undermines community life and threatens the planet. While some commentators argue that „flying kills‟ and
would welcome travel once again becoming an „expensive luxury‟, others argue that we shouldn‟t lose sight
of the remarkable opportunities travel affords us and that we should actually work to ensure that these can
enjoyed by more of the people of the world. As India‟s tourist industry expands, both in terms of international
visitors and domestic tourism, is the concomitant growth in air travel something we should worry about or are
tourism‟s critics suffering from a killjoy mentality?
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Essential reading:
The 2008 Travel and Tourism Economic Research India World Travel and Tourism Council

Tourism enriches World Tourism Organization (UNWTO) February 2004 (pdf)

Tourism with Vision Shobita Punja India Travelogue


India‟s tourism industry lacks accountability One World South Asia 29 September 2008

Unregulated tourism threat to Goa's environment 28 September 2008

Commonwealth Games Delhi 2010: A Threat to the Common Wealth Govind Singh Eco Worldy 6 July 2008

Global warming joins tourism as biggest threat to historic sites Charles Starmer-Smith The Daily Telegraph
8 June 2007

Conserving environment to promote tourism M.A. Haque The Sangai Express 15 January 2007

Tourism & Its Impact in Ladakh Sonam Wangchuk The People‟s Commission on Environment and
Development in India

For the sake of the world's poor, we must keep the wealthy at home George Monbiot The Guardian 28
February 2006


Tourism Sector in India continues to Witness Encouraging Trends Ministry of Tourism and Culture 10
October 2008

India's passage to tourism megabucks Mahendra Ved The New Straits Times 29 September 2008

Promoting tourism Assam Tribune 29 September 2008

New focus for Indian tourism Neil Heathcote BBC News 16 September 2008

Good tourist, bad tourist Jim Butcher Times Higher Educational Supplement 4 January 2008
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Hospitality sector to expand before Commonwealth 2010 Hindustan Times 14 April 2007

Impact of tourism on employment generation J. P. Singh Vision RI

I love cheap flights Brendan O‟Neill Comment is Free, The Guardian 19 May 2006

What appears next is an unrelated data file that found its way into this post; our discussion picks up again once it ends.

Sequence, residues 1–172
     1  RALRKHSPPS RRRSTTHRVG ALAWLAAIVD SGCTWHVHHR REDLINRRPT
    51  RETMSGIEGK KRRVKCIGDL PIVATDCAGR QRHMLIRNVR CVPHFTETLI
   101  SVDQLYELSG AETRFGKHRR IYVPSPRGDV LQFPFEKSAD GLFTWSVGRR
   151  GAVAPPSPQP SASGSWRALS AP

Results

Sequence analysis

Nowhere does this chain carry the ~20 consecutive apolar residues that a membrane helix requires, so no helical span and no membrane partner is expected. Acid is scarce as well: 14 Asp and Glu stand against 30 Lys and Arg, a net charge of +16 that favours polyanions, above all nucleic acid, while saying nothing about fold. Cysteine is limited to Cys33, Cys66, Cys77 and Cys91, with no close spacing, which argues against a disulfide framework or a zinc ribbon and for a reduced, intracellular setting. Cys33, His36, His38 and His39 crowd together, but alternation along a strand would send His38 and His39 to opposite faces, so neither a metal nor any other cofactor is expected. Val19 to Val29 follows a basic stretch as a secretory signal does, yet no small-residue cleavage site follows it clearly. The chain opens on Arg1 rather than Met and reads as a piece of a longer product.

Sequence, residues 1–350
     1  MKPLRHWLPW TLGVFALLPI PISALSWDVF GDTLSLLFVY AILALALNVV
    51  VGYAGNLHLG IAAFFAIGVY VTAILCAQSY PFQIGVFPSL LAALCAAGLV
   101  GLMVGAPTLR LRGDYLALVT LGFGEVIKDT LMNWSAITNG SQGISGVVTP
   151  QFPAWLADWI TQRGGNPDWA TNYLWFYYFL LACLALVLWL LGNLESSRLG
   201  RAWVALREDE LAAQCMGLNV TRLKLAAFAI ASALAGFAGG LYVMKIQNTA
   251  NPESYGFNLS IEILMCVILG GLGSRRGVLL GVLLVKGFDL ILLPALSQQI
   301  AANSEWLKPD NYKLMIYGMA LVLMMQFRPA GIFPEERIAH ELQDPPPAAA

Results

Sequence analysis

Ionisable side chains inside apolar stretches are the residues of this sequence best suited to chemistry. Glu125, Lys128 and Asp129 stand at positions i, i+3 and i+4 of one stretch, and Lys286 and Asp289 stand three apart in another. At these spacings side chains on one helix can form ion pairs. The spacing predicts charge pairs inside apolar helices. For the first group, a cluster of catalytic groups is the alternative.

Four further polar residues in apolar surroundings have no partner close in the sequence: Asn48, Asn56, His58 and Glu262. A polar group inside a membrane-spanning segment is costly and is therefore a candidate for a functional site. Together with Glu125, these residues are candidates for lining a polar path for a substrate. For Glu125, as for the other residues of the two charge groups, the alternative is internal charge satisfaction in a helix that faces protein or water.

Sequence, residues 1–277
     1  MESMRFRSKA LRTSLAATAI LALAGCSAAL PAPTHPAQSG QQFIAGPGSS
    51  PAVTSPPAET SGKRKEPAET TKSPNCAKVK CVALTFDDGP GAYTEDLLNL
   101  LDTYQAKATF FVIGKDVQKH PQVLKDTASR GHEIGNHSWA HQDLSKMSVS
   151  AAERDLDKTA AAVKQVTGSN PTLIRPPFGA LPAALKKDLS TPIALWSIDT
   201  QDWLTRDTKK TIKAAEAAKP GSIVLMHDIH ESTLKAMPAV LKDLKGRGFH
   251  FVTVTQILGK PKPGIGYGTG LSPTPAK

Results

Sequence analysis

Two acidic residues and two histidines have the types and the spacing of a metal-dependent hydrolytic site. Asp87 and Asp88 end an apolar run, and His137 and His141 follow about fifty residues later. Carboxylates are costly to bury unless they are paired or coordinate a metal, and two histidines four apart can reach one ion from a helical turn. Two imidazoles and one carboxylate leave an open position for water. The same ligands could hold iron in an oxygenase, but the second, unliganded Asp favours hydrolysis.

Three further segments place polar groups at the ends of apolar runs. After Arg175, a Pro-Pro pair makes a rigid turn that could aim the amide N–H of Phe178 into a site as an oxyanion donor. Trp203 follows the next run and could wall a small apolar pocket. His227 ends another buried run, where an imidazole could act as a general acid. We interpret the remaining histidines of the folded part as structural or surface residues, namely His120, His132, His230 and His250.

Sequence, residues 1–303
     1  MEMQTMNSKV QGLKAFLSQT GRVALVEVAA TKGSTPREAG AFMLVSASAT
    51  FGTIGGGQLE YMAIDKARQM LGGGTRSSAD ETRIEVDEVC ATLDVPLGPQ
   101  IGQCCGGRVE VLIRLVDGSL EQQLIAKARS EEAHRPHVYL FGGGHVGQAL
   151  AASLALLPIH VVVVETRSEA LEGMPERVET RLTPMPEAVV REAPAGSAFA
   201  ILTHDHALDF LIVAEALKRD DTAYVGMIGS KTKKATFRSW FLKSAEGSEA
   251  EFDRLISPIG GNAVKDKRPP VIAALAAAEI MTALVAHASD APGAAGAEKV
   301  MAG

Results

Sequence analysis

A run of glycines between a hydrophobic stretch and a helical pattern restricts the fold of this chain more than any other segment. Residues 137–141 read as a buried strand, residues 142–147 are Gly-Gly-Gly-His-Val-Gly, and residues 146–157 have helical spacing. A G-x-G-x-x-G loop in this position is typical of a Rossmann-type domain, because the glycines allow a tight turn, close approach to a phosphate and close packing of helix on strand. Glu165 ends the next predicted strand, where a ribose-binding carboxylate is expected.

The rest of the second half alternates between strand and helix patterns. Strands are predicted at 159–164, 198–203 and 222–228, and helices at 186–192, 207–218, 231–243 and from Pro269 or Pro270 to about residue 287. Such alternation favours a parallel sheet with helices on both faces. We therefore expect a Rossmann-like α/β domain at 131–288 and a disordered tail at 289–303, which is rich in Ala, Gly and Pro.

Further reading:
Annual Report of Ministry of Tourism (2007-08)

UNESCO seminar

Promoting Peace Through Tourism: Role of Cooperatives

Dissemination of Cultural Heritage and Impact of Pilgrim Tourism at Gangasagar Island

Sahara and the Sunderbans - Ecotourism or Megatourism?

Tourism: An Impact on Society and Culture

Preservation Politics

Tourism and the Environment

Indian tourism: Disappointing progress, incredible growth!

Key terms:
Atithi Devo Bhavah


Responsible Tourism – The Concept
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Ministry of Tourism

Tourism policy

Kerala Tourism

List of Heritage Sites

Responsible Tourism

The 12th International Conference of National Trusts

Women and children

Endogenous Tourism for Sustainable Rural Livelihoods

World‟s archaeological heritage is at risk

World heritage – examining the threats

India seeks to use Buddhist heritage to attract tourists

Not Family Silver, It‟s Crumbling Masonry

Dying art forms liven up fest

Some links

Partners in Progress

Tourism in Darjeeling

Does Tourism Contribute to Local Livelihoods? A Case Study of Tourism, Poverty and Conservation in the
Indian Sundarbans

Strategies for Marketing Rural Tourism in India: paper presented by Mr N K Piplani, General Manager
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In the news:
Asian Development Bank to Invest US $90 Million In Tourism in India 6 October 2008

Delhi will struggle to house Commonwealth Games tourists 28 September 2008

Delhi inks pact with Intach to maintain heritage sites Hindustan Times 3 July 2008

Our heritage reinvented The Economic Times 28 February 2008

Subsidised Tourism Worsens Andamans' Woes IPS 6 December 2007

Delhi to Jail Beggars for 2010 Commonwealth Games Delhi Capital 24 June 2007

CWG 2010 to Spur Indian Tourism Industry Growth Free Press Release 19 April 2007

India‟s Sunderbans Jungle Camp wins „responsible tourism‟ award Dance with Shadows 12 March 2007

India pushes 'graveyard tourism' BBC News 27 December 2006

Oops, we helped ruin the planet Guardian 04 March 2006,,1723123,00.html

UK companies keen to assist Delhi in hosting commonwealth games 2010 UK Foreign and
Commonwealth Office 4 February 2006

Wooing the global hopping tourist The Hindu 17 February 2002

INDIA: Fisherwomen Question Tourism's 'Magic' Asia Water Wire